Therefore the offence would not – capture an innocent tourist taking a photograph of a police officer, or a journalist photographing police officers as part of his or her job. It does not criminalise the normal taking of photographs of the police. Police officers do have the discretion to ask people not to take photographs for public safety or security reasons but the taking of photographs in a public place is not subject to any rules or statute. There are no legal restrictions on photography in a public place and there is no presumption of privacy for individuals in a public place.

    The Home Office is in the process of drafting a circular to all police forces on the new offence setting out the policy intentions behind it and making clear that it does not criminalise legitimate photographic or journalistic activity. This circular will be discussed with interested parties before it is issued.

    It is worth noting in this context that there are two safeguards built into the statute. First, all prosecutions for the offence must be approved by the Director of Public Prosecutions and second, it is a defence for a person to prove that they had a reasonable excuse for their actions.

    You also raise the specific point about taking photographs around the site of the Olympic park construction site at Stratford. On site security is principally a matter for the Olympic Delivery Authority (ODA), the public body responsible for Olympic venue construction. In response to the incident that you describe, ODA issued the following public statement which is quoted in the article which you enclose:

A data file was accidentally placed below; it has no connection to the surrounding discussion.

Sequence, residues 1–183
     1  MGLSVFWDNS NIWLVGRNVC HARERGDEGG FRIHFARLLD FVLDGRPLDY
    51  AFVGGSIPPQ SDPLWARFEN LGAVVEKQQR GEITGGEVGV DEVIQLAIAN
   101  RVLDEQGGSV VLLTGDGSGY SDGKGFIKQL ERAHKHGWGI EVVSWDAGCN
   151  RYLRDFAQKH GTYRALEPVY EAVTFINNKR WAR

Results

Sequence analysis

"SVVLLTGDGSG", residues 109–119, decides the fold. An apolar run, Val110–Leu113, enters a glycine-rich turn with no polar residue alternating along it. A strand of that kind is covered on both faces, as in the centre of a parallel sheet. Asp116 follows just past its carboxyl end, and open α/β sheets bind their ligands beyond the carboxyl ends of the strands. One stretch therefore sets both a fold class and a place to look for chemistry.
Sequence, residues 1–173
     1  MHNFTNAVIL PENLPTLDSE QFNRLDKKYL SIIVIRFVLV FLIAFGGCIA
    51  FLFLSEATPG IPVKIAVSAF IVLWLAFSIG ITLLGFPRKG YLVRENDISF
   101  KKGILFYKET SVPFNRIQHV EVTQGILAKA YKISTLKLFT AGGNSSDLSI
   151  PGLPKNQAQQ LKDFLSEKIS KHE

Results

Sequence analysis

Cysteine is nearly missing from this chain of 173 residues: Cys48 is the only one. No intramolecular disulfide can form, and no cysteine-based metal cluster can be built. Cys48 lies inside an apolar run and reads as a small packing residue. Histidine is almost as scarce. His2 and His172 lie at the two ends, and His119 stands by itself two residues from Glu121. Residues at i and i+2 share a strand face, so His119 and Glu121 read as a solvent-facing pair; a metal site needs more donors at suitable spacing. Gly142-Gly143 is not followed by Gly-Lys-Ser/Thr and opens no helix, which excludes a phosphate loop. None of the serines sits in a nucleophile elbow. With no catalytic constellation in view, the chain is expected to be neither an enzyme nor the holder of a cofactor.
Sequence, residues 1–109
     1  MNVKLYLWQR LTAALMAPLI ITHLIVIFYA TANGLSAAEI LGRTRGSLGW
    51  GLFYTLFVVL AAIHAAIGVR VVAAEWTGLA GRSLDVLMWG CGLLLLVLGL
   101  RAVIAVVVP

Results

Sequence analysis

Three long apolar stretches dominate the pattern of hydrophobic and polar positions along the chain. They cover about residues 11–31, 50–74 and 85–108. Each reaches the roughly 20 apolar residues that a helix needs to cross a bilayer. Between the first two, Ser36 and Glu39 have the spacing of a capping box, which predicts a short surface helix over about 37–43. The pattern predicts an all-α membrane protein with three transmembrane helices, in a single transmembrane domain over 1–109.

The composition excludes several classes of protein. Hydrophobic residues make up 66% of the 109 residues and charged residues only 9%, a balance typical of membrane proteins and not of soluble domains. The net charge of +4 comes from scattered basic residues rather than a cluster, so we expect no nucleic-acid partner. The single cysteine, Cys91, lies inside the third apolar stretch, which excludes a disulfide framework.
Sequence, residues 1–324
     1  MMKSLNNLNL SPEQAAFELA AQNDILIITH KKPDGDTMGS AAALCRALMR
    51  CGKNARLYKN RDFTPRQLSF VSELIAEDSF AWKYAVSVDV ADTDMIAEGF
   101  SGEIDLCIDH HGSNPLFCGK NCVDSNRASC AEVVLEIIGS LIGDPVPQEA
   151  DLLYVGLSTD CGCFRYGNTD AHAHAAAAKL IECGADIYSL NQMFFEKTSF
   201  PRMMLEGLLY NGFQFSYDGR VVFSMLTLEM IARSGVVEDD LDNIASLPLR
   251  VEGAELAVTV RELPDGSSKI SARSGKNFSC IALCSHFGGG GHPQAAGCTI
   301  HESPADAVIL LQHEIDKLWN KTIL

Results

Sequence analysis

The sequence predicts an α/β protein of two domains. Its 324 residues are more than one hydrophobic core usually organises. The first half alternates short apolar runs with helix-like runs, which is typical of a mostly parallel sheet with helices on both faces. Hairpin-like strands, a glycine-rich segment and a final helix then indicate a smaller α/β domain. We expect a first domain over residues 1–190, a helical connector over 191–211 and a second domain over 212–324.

‘Filming and photography of the site from public highways and areas around the Olympic Park is permitted. However our security guard team reserve the right to talk to anyone they believe may be taking photos or footage of any security operations. This is part of the ODA’s responsibility to ensure the safety and security of the Olympic Park.”

    As you point out, photographs of the Stratford site are available on the internet, as with many other locations with a high public profile. However, photos of specific security-related features of a site such as the guarding arrangements may be less commonly available, and may be of use to terrorists and criminals. It is therefore reasonable that security staff will challenge people who appear specifically to be trying to photograph such features.

    I hope that this is helpful, and if you have any further queries please do not hesitate to contact us.

    Richard Worth